Andouille is pretty hard to find outside of it's homeland in Louisiana. So I made some myself.
I'm using the recipe in Ruhlman and Polcyn's Charcuterie. I'll not be posting the exact recipe but you can find it there. Here's another recipe that's fairly standard and offers some technique tips I'd use next time.
Most recipes use 5 pounds of pork shoulder. I picked up a boneless pork shoulder which made the prep work easier.
Cut the meat in 1" cubes. Remove membranes and such as you find them but keep all the fat. Chill the meat down and keep it as cold as possible.
Mix up the seasonings. Lots of salt; some hot spices, some curing salt which is not essential, but this is traditionally a cured sausage; some sweet spices which are out of the ordinary compared to other recipes but really work nicely; thyme. You can omit the curing salt.
Chop some onion, mince some garlic and it's ready to go.
Combine all of that, cover it, and let it meld in the refrigerator for a day or two. Chill down your grinder, bowl, and acquire some hog casings.
I'm grinding with the KitchenAid attachment. It does the job but is finicky to feed. It's best to grind into a bowl set in ice to help keep everything COLD. This is one place I'd change from Ruhlman's technique. I'd grind on the large plate next time instead of the small. And I'd use the technique in that other link above to grind only half the meat and hand cut the other half to a 1/4 inch or so dice to give some extra texture to the Andouille.
When you have it ground, you beat it with the paddle in the mixer for a minute or two. This activates a protien in the meat to help the sausage bind to itself. Nitrates and Nitrites in the curing salt contribute to the binding action as well.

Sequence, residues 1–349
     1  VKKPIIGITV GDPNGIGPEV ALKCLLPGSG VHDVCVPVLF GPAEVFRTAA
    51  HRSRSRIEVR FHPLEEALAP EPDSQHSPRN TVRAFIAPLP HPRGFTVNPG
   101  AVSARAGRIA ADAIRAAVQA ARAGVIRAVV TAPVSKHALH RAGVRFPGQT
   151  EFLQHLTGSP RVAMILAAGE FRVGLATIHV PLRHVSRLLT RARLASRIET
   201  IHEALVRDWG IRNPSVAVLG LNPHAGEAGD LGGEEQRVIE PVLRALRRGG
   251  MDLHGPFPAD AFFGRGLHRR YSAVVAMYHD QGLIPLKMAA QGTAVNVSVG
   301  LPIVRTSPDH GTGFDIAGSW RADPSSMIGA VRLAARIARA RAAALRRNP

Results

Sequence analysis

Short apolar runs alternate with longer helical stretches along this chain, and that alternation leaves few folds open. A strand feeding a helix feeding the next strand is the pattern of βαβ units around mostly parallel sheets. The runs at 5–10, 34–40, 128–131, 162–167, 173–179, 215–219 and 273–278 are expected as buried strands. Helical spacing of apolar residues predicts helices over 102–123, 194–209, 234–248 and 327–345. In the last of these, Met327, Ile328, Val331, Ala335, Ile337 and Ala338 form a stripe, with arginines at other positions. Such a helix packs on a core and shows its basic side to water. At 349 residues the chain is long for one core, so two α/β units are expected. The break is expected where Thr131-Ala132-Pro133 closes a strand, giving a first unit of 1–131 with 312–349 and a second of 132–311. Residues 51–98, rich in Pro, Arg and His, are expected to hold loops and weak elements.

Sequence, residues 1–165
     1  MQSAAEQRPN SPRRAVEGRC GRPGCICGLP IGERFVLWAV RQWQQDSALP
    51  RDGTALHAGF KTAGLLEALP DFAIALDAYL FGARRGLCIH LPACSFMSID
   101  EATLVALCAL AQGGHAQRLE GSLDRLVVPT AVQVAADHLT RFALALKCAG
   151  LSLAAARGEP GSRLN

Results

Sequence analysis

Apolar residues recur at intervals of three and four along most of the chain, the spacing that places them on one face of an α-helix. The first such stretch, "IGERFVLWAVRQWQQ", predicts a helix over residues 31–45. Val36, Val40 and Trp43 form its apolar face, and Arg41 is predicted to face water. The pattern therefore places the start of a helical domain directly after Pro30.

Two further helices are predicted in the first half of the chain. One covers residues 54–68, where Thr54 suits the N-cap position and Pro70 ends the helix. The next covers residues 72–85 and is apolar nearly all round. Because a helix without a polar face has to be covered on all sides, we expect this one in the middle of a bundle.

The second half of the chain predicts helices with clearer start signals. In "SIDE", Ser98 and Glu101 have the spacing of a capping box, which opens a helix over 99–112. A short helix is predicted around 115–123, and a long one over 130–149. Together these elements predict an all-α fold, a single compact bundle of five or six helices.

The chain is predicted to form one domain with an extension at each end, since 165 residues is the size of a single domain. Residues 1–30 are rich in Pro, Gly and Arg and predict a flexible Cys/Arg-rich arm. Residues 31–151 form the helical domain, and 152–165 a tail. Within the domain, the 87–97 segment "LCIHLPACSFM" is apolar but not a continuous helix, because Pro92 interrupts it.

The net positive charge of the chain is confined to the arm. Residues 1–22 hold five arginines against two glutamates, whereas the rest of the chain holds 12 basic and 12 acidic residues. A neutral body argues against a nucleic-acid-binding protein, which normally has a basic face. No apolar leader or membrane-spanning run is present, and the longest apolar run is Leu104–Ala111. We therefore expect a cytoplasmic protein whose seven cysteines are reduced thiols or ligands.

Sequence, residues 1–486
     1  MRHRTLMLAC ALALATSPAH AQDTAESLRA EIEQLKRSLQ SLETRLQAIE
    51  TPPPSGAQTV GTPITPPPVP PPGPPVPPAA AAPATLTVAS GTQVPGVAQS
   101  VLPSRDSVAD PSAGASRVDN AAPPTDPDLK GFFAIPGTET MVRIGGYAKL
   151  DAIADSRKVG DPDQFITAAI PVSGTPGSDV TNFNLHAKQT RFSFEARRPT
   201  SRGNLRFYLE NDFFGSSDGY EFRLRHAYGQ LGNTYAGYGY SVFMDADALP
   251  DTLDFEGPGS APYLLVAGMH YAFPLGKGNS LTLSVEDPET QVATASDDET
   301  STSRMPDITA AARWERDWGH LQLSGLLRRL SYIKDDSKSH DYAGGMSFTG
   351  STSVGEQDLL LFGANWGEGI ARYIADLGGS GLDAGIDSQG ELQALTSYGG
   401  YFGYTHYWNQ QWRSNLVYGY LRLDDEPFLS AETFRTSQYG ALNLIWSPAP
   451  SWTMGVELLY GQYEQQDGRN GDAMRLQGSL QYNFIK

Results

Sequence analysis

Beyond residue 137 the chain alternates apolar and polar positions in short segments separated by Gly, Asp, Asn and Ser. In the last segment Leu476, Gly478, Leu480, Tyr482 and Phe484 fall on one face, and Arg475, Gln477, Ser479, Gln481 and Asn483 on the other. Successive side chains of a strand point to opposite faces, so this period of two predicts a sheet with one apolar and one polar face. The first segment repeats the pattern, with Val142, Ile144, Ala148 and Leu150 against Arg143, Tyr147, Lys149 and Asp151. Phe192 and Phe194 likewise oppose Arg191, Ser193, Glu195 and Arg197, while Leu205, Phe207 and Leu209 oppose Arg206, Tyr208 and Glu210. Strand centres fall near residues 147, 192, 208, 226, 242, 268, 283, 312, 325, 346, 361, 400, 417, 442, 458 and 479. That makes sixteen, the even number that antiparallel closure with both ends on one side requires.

Fry off a bit to check for seasoning. I liked the flavors of the unsmoked andouille as it was. Correct the seasoning as needed and mix.
Chill the ground meat.
Clean the grinder and set it up for stuffing. In the case of the KitchenAid. you take out the blade and plate and insert a spacer and the stuffing tube. Feed the casings onto the tube, about 10 feet of casing.
Stuffing is easiest as a two person operation. One to feed the stuffer and the other to feed the casings and set the packing density. My 10 year old son is running the casings for me. If you're doing it alone, try to set up the stuffer so it feeds out onto a surface as close to the same height as you can manage.
In the past, I've knotted the end of the casing and stuffed against that. This time, I left a few inches of casing free so I could adjust the pack and twist the sausages off more easily, letting the filling slide a bit to adjust as needed. I found this latter technique easier.
As the stuffer, you need to minimize introduced air pockets in the sausage. The KitchenAid is poor this way.
Twist into links. You want to alternate the direction of the twists at each end of each link. That's a much more stable twist than all the same way.
Set up your smoker and smoke for a couple of hours. I used Hickory, but Pecan would be good. Ruhlman recommends a finish temp of 150, probably relying on the sausage being cooked a second time, and the curing salt for safety. I smoked to 160, just for my own standards of safety.
Even unsmoked, the sausage was quite nice. The smoking changes the flavors, mellowing and melding the flavors different from the taste check. Worth making even without a smoker. Or if you added some liquid smoke or smoke powder that would be all right too.